37 “You are a king, then!” said Pilate.

Jesus answered, “You say that I am a king. In fact, the reason I was born and came into the world is to testify to the truth. Everyone on the side of truth listens to me.”

38 “What is truth?” retorted Pilate. With this he went out again to the Jews gathered there and said, “I find no basis for a charge against him. 39 But it is your custom for me to release to you one prisoner at the time of the Passover. Do you want me to release ‘the king of the Jews’?”

40 They shouted back, “No, not him! Give us Barabbas!” Now Barabbas had taken part in an uprising.

Don't try to cover up the unforgivable atrocities of Christians, who first converted the native inhabitants of America to Christianity, and then threw them into a fire, hung them or threw them to be torn apart by dogs, with the theses about the "persecution of Jews". This is an old-old trick!!!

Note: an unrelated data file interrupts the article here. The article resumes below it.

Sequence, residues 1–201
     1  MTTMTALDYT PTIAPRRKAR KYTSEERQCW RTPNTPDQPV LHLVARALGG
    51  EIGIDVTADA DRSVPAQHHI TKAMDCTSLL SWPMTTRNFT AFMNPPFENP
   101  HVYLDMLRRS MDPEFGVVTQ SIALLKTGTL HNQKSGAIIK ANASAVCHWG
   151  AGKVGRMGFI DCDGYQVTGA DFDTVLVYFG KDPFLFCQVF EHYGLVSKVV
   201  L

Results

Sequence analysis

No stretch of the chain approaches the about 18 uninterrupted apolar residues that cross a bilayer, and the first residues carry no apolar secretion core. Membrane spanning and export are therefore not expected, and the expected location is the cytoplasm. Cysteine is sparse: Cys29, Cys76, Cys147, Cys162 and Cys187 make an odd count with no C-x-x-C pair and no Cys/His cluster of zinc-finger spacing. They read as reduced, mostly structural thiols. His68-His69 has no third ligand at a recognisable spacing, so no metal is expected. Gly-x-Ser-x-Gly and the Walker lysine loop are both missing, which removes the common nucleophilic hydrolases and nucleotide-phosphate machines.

By the way, today, as I see, the Catholic Church has become completely Jewish today. And if we take into account the secret negotiations that have been going on for more than twenty-five years to unite the Catholic and Jewish churches ...

Who is covering up for them?

The "religious leaders" of the time of Christ nailed him to a cross and then tried to murder his disciples, but clearly they were not following the teachings of Christ in doing so now were they.